Starting Anew: Some Basic Rules

A new semester means a new beginning. Here are some tips that can lead you to success in your new endeavors:  

  • Start as you mean to finish. In other words, go to class. Buy your books.Start out with the assumption that you will work hard all semester. Some students let the first few weeks slide by and then are in a rush to catch up the rest of the term. If you start with consistency and persistence, you’ll have a much better semester.
  • Pay attention. If you are in class, pay attention while there. Don’t spend the lecture texting your friends or checking Facebook. If you are reading your text or working in your web course, don’t do it in front of the television. Research has proven that multi-tasking really doesn’t work, and folks have to switch attention from one thing to another. And let’s face it: For most of us, a post about a cute kitten will take our attention away from our professor or assignment. Just don’t go there. (BTW, almost all professors can tell when you’re not paying attention. You’re not fooling anyone.)
  • Ask questions. You don’t understand a part of a lecture. Raise your hand and ask a question. Ignore the guy behind you sighing in annoyance. He can use the time to check Facebook. But get your answer. If you’re doing homework or reading an assignment and you run into trouble, mark it and ask in class the next day or visit your professor’s office or go to the Learning Center. Do not persist in ignorance because you’re embarrassed.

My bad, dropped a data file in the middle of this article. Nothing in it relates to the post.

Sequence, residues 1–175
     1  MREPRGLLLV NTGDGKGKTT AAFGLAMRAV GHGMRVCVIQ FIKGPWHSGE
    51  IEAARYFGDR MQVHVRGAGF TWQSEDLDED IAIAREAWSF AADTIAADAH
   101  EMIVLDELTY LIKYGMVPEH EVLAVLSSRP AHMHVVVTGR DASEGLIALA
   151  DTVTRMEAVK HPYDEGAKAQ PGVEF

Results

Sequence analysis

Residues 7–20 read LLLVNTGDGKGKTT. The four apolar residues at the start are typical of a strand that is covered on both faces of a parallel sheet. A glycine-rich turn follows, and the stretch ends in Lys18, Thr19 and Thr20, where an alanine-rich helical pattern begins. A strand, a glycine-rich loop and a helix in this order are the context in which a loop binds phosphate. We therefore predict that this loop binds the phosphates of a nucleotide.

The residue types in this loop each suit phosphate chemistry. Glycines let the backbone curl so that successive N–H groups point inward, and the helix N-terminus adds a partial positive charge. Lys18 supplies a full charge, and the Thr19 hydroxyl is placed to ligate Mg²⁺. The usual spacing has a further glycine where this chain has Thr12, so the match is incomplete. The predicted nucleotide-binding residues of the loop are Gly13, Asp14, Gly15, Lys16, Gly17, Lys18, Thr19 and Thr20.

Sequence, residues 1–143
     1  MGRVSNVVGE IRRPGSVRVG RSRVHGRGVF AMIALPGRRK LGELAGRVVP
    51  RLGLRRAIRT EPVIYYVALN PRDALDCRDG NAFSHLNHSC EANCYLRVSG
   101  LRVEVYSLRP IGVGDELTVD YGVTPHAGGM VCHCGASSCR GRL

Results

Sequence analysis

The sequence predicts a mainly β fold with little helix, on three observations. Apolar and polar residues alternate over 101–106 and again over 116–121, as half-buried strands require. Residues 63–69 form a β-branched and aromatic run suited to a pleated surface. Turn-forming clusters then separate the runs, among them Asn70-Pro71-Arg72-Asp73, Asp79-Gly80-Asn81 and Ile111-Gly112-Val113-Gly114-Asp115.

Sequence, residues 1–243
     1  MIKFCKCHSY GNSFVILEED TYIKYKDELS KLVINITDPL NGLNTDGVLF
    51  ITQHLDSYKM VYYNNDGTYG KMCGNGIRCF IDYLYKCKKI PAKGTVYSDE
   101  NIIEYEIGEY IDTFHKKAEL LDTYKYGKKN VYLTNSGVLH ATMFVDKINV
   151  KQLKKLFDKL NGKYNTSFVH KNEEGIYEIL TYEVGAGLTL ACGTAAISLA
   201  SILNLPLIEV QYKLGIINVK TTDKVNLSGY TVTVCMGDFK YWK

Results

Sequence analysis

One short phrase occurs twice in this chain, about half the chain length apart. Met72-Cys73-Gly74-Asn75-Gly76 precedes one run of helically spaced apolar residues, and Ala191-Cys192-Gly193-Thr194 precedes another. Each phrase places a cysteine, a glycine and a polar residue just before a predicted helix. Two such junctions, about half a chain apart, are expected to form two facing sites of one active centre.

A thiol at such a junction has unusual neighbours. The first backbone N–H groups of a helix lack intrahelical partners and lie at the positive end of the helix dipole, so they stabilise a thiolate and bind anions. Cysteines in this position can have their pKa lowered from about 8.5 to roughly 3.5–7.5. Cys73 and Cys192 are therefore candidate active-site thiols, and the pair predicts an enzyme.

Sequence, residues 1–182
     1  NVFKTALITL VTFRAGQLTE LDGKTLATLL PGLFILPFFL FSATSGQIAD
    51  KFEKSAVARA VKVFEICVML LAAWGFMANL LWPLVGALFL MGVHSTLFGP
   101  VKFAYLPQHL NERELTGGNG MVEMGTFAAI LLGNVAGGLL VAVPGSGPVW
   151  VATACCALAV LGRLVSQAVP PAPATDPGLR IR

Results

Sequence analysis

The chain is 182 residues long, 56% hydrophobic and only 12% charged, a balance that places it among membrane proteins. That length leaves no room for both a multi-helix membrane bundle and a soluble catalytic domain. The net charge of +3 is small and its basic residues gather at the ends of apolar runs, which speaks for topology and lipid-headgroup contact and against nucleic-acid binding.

• Keep an eye out for trouble. Assignments and quizzes do not exist just to give you a grade. They also allow you to monitor your learning and see where things are going wrong. A teaching friend of mine once begged  her students not to stuff their essays in their notebooks after seeing the grade: “There are helpful comments written all over them!” she wailed. Look at those returned assignments and see where you can make improvements.
  • Make necessary modifications. So let’s say that you get a paper back and your grade isn’t great. Your instructor says you don’t use enough details to prove your thesis, and you need to organize your ideas. You’re not sure what any of that means, so when you write your next paper, you do all the stuff you did last time, except you make it longer. When your grade doesn’t improve, you’re sad because you worked so hard! But here’s the thing: Working harder and longer doing the wrong thing doesn’t make things better. To solve a problem, you have to see where you’ve gone wrong and then make changes. If you’re not sure what those changes should be, return to number 3 in this list. 

This list is certainly not exhaustive, but if you just did these five things, I’m willing to bet your semester would improve!

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